I think that if it weren't for the historical storyline, I probably would only give this book 3.5*. While the contemporary storyline was a good mixtur...moreI think that if it weren't for the historical storyline, I probably would only give this book 3.5*. While the contemporary storyline was a good mixture of Amish, romance and suspense, the writing and characters weren't as strong as in Olivia's first novel, The Pursuit of Lucy Banning. It does seem as if historical fiction is where she's stronger, at least for now.
That said, there were plenty of elements that I appreciated about this story. This is the second series I've read that's set among the newer Amish settlements in Colorado, and it's definitely interesting to read about how different Amish groups live depending on their regions and farming opportunities. Olivia lives in Colorado, and she was able to evoke the feeling of the small towns and Amish communities in her area.
The city that Annie worked in never felt quite as real, and neither did her job. Mainly, I believe this is because my husband is a computer programmer and the descriptions of Annie's jobs seemed incredibly vague given my knowledge of the subject. But for those who don't deal with software engineering on a regular basis, the descriptions of her work might not be so vague.
As for the romance, it was slow moving, but that's because this is the first book in a series. Given that there are so many Amish romances where an English character's conversion to the faith feels rushed, I appreciated that the book didn't end with everything neatly tidied up. As confident as Annie was about making changes to her life, I think she still has a long way to go and I'm interested in reading more about her. As strange as it might seem for a computer programmer to become interested in the Amish lifestyle, I got the impression that Annie got far more involved in the business world than she intended and no longer enjoyed her job, so the changes she made at the end of the novel made sense.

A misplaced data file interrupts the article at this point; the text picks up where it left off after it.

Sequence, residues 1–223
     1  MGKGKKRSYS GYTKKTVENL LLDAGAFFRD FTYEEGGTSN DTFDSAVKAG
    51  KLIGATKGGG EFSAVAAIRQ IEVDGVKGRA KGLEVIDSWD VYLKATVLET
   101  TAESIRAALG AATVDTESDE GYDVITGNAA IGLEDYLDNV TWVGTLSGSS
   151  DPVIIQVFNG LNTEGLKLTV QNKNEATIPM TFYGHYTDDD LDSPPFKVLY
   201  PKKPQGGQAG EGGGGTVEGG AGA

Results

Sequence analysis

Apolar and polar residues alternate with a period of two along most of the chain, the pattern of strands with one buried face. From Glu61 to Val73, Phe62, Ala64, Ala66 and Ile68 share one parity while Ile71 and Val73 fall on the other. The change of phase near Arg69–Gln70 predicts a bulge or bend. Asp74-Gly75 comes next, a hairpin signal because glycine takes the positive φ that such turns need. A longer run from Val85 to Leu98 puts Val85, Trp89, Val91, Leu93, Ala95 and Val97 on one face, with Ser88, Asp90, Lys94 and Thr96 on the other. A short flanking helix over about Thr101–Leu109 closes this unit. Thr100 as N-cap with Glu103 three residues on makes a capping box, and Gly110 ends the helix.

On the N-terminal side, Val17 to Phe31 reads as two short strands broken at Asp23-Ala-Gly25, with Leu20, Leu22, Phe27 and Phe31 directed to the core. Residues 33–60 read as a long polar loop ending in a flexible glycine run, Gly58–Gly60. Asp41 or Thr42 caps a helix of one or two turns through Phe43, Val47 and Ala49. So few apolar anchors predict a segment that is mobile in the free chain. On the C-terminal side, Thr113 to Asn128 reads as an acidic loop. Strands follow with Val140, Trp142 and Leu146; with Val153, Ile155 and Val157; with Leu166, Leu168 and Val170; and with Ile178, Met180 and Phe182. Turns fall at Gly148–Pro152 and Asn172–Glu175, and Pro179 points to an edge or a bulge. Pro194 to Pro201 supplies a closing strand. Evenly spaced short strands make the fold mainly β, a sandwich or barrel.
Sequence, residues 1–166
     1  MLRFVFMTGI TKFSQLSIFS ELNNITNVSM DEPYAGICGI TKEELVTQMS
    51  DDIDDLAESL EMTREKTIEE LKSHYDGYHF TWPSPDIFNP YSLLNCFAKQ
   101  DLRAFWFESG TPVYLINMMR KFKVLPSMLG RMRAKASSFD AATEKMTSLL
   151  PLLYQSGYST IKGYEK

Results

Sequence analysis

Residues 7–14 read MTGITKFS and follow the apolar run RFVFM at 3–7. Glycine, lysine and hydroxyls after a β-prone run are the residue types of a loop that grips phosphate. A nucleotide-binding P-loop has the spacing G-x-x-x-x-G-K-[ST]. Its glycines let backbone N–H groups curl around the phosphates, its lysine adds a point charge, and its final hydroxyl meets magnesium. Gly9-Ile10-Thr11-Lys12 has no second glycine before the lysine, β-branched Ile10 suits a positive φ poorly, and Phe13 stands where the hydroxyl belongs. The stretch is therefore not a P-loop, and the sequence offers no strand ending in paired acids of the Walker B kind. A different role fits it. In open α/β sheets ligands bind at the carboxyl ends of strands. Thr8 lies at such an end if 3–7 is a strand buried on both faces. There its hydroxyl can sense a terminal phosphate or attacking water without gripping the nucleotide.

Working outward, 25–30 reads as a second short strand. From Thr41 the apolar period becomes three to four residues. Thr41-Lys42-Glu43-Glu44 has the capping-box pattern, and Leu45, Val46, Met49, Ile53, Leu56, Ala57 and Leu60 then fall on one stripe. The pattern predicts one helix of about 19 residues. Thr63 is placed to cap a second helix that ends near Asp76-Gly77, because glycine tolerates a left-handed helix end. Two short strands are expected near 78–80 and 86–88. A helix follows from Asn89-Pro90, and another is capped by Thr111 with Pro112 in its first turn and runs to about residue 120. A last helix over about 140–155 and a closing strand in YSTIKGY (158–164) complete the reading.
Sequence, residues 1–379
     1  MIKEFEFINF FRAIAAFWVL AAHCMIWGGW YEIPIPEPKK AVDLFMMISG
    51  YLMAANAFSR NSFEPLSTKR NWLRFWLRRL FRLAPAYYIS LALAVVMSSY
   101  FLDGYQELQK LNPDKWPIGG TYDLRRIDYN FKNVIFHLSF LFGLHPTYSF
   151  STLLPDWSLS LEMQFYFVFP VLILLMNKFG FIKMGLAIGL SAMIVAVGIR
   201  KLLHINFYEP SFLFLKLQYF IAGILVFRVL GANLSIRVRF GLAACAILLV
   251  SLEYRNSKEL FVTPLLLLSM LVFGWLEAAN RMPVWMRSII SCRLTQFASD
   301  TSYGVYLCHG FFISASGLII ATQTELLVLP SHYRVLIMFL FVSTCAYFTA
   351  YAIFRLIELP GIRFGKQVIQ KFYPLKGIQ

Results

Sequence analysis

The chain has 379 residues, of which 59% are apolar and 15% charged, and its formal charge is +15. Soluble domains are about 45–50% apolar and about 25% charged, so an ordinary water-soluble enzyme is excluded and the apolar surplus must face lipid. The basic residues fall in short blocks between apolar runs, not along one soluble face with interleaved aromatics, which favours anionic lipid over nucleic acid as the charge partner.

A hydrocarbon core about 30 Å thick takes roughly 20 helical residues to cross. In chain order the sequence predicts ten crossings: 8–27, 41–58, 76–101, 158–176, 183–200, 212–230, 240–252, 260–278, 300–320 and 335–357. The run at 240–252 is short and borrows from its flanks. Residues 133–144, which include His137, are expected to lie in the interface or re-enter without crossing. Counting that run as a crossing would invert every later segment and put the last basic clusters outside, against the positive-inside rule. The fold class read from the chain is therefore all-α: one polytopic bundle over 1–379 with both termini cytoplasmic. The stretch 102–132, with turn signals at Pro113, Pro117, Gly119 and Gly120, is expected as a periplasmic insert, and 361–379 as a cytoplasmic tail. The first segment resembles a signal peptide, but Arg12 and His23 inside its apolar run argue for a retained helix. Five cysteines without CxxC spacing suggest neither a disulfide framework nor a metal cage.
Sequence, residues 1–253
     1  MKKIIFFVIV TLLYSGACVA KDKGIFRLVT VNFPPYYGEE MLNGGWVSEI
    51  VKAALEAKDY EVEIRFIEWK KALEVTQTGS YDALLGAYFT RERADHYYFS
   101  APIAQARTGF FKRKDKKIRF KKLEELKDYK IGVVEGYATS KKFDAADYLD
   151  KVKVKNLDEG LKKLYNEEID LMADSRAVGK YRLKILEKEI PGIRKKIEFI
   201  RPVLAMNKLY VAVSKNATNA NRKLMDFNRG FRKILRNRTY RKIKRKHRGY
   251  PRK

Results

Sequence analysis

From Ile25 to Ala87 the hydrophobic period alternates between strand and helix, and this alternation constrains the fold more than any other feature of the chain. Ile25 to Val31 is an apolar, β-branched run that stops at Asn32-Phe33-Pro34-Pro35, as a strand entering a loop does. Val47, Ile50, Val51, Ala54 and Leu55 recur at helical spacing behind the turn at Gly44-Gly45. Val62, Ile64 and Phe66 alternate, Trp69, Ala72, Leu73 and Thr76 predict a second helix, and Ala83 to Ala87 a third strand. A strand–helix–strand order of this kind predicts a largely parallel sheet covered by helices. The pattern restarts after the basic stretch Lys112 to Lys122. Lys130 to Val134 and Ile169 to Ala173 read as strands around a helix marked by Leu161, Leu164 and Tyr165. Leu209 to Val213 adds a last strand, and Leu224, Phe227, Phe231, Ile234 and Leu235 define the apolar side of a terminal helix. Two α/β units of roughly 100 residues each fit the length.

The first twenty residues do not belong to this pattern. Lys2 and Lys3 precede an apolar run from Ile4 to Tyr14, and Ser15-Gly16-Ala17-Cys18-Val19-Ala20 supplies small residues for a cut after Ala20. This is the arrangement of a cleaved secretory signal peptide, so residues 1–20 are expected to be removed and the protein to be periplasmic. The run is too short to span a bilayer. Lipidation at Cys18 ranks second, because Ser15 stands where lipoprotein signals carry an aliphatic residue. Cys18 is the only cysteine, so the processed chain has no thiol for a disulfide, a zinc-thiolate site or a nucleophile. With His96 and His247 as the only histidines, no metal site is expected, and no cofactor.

I also liked the sub-plot about Rufus's sister, Ruth, and I hope that the next novel delves more into the family dynamics and Ruth's attempts to reconcile with her family while still becoming a nurse. I felt like her story was a realistic portrayal of someone who left the faith before baptism for educational reasons, and I appreciated this change from the usual stories about people who leave to "explore the world". Ruth kept much of her faith while studying nursing.
The storyline about the construction company wasn't really resolved, which was a bit disappointing, but I'd be interested to see how that panned out, even if I preferred the other storylines. I had mixed feelings about this sub-plot as I wasn't sure what kind of message it was giving about justice, retaliation and turning the other cheek. I'm intrigued to see where it goes.
Ultimately, I liked the contemporary storyline, but at times the historical plot caught my attention more. I haven't read many stories about Amish settlers in the eighteenth century, so the story of Annie and Rufus's ancestors was fascinating. It really captured just how difficult life was for new settlers, if they made it through the long journey. Jakob's struggle between sticking to his faith and wanting to remarry was very heartfelt, and although the novel focused far more on the contemporary storyline, I still became attached to the historical characters. I hope that Olivia continues their storyline, or at least focuses on some other ancestors, in the next book.
I ended up writing a lot more about this book than planned, so obviously it touched me more than I realised. Ultimately, I didn't enjoy this book as much as The Pursuit of Lucy Banning but it was a compelling and original story. For those who like dual-time narratives of a lighter fare, this would definitely suit. I might not have connected with Annie as much as some Amish heroines, but this novel definitely brings something a little different to the genre. I'll be looking out for the second book in the series later this year. 4*(less)